Boroden and his fellow brownies are imprisoned by an evil kraken
|Water drops fell like a barrage of arrows from the cave roof, and a thick chill penetrated through Boroden’s coat. He hugged his arms about himself against the cold and avoided the gaze of his companions. Damp, stagnant air probed his nostrils. Looking beyond the fitful light of the torches, the darkness was so dense that it threatened to swallow him. There was no hope that they might climb out of the crevasse into which they had been lowered to serve as their prison.
‘Aira’s dead…it’s all my fault. Why did I ever try to reclaim a home for our clan in Velmoran?’ he whispered.
Carnelian touched his shoulder. ‘Don’t blame yourself, lad. Nothing could be done. It’s too late now to wish things different.’
Boroden lifted his head and looked at his old tutor. Carnelian had always been kind. Boroden had been overjoyed to discover that he and his travelling companions would not share their prison with a monster but with his beloved tutor. For months, Boroden had thought him dead, taken by the servants of the kraken Krysila. Now, Krysila had them cast into the dungeons of the Unseelie Court.
‘Too late, aye,’ Torden, one of the brownie chieftains, said. ‘Too late for Aira, poor flower.’
Boroden choked on Torden’s hollow words.
A bloodcurdling shriek came from somewhere above them.
‘Aira’s alive!’ Boroden said.
Torden’s sad frown twisted his lips beneath his tusk-like moustache. ‘She’ll not survive; I tell you.’
‘No! I can’t just leave her,’ Boroden said.
Another shriek slashed the air. Boroden glared up at the cavern roof. Aira. He had to rescue her. He glanced around the cave, ignoring his companions. There had to be a way out.
More bloodcurdling shrieks came from somewhere above them. He clenched his fists. He loved her. When he was a child confined in the palace of Velmoran’s tower, the golden-haired brownie girl had befriended him when others feared to approach him. She had been his rock during his childhood. After that when he felt isolated with most of the other brownies simply seeing him as a king, someone to be in awe of or to lead them, Aira had been there for him. When the kraken captured them and the other brownies quailed, she remained dauntless and true even though she was the smallest of all. He had pinned his hopes on Aira, hopes that he might live happily with her at his side once the brownies had a safe homeland again in Velmoran. He bit his lip, remembering the beautiful brownie citadel where rainbows danced on roofs of the cavernous quays that were the centre of trade in the coastal kingdom.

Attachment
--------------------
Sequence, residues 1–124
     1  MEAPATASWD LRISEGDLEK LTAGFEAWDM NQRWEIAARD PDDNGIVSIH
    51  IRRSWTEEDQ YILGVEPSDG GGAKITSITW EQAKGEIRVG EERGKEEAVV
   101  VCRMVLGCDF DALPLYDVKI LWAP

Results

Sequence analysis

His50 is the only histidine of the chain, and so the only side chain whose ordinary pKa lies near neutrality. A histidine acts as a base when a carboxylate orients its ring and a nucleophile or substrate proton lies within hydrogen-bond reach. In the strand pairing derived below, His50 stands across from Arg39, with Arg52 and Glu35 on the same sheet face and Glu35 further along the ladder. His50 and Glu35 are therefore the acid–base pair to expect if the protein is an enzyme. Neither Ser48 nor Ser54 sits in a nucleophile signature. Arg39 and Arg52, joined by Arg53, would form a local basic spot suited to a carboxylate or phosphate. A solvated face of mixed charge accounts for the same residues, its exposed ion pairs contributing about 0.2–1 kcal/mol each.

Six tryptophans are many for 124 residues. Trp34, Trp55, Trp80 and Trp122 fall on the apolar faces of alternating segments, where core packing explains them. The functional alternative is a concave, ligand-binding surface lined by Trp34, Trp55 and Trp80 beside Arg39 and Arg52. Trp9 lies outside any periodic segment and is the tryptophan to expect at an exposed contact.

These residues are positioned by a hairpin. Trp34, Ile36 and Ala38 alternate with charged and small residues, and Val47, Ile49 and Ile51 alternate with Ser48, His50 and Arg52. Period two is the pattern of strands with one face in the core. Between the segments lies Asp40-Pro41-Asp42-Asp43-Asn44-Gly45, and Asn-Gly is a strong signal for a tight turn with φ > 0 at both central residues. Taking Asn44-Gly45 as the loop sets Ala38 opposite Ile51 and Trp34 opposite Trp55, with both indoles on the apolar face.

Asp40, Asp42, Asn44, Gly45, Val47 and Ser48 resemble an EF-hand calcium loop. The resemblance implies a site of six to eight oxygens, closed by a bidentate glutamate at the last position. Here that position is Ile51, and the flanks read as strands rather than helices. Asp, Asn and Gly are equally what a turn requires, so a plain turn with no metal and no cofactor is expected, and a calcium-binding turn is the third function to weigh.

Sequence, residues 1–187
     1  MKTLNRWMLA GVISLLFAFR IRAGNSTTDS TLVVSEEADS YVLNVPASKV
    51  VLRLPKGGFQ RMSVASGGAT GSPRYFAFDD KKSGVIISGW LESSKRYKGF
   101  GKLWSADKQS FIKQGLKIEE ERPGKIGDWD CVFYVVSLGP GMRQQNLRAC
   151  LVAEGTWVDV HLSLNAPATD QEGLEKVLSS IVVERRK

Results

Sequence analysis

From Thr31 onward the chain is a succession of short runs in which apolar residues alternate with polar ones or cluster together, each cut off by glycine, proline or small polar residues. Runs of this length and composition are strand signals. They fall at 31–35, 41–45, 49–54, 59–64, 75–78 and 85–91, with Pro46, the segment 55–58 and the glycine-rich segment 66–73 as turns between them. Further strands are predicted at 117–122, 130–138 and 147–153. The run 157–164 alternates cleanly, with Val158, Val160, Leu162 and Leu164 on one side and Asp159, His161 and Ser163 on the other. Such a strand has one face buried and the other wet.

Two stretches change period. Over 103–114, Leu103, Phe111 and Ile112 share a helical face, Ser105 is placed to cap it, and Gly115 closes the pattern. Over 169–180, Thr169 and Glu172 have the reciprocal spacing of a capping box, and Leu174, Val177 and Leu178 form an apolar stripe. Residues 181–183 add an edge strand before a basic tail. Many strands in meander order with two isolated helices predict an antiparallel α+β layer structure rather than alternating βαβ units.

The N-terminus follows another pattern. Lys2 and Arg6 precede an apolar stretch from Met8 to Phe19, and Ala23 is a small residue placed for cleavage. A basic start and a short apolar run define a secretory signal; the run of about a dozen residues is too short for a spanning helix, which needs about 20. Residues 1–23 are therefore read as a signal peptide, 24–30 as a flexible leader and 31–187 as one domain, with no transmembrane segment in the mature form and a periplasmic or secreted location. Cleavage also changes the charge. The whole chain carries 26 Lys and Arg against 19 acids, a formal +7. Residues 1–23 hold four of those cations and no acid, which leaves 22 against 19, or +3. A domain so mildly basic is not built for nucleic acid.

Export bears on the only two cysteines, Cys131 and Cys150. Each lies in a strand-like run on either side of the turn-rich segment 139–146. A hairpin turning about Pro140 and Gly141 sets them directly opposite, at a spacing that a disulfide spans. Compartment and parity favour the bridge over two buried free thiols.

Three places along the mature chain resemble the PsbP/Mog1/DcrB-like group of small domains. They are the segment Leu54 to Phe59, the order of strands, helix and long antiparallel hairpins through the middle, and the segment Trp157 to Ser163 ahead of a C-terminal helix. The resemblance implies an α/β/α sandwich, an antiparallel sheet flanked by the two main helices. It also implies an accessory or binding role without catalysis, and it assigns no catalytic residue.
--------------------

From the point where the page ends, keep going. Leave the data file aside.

Another cry pierced his ears. His shoulder muscles tightened. Poor Aira. They were killing her.
Boroden splashed through the slime covering the cavern floor, frantically examining the rocky walls for a place to climb up. The dark stone was smooth and offered no handholds. Regardless, Boroden scrabbled at it. His fingers became scraped raw in his desperation to find a way out. He needed to escape and save Aira before it was too late.
An armoured worm latched onto Boroden’s shoulder. He growled and tossed it off. His cousin, Hëkitarka, kicked it, but the filthy creature continued to writhe toward him. The bruised worm let off a sickly stench like rotting fish.
‘They can climb. Nowhere is safe from them,’ Harfan, Hëkitarka’s elder brother, exclaimed.
A knocking sounded, hollow and muffled behind the rock.
‘Surely that’s not one of them beasties,’ Carnelian shuddered, referring to the worms.
Harfan pressed his ear to the dank stone. As he did so their friend Quentillian could be heard calling from the other side of the rock faintly as though under water. ‘Is that you, Boroden? I’m imprisoned with Gefi, although swinging down on them ropes almost knocked Gefi senseless.’
Gefi protested his consciousness half-heartedly.
‘Where’s Klaufi?’ Hëkitarka puzzled.
Boroden made no answer, bowing his head as he imagined that the clumsy brownie sorcerer must be dead. Despite their dire situation, it gladdened Boroden that at least some other brownies of their clan survived. His relief sank as a gang of hobyahs peered into their prison, their bulbous eyes gleaming with malevolent glee.
‘Look lively. You’ve got a visitor,’ ordered one of the hobyahs who scavenged in the dungeons of the Unseelie Court. He and his companion guffawed as they tossed the remains of their supper of decomposing offal over the prisoners. Boroden did not want to consider what the remains might be from. The hobyahs soon quietened respectfully as Serena approached. They knew better than to get on the wrong side of the chief handmaiden to Krysila’s daughter, Leanan Sídhe.
‘Come to gloat, have you?’ Boroden challenged her venomously.
‘I have a message from My Lady. She’s waiting to receive Prince Hëkitarka,’ Serena said.
Harfan tightened his grip on Hëkitarka. Terror and revulsion were etched on Hëkitarka’s face, but he cleared his throat bravely. ‘I’ll go. It’s our only chance. I might be able to reason with her.’
Boroden looked aghast. ‘What? Are you mad? Leanan Sídhe means only to kill you. Such is the hatred she and her mother hold for our clan.’
‘Please.’ Harfan hushed his cousin as Hëkitarka lowered his head in anguish.
A hobyah peered down into the crevasse where the brownies hid, his orange eyes glinting with malice. ‘Shall I get some rope and go down to fetch them up for you? I’m well armed.’
‘No, My Lady hopes Prince Hëkitarka will come willingly. She doesn’t want him harmed. She sent me here to win him over.’
‘A mighty good job you’re doing of that,’ Torden said.
Boroden regarded his cousins bleakly. ‘No. I’ll not have him go alone. We’ll stay down here together, even is we must die together. Don’t get your hopes up about finding a way out for us if you go to Leanan, Hëki. I doubt we’ll ever escape the dungeons of the Unseelie Court.’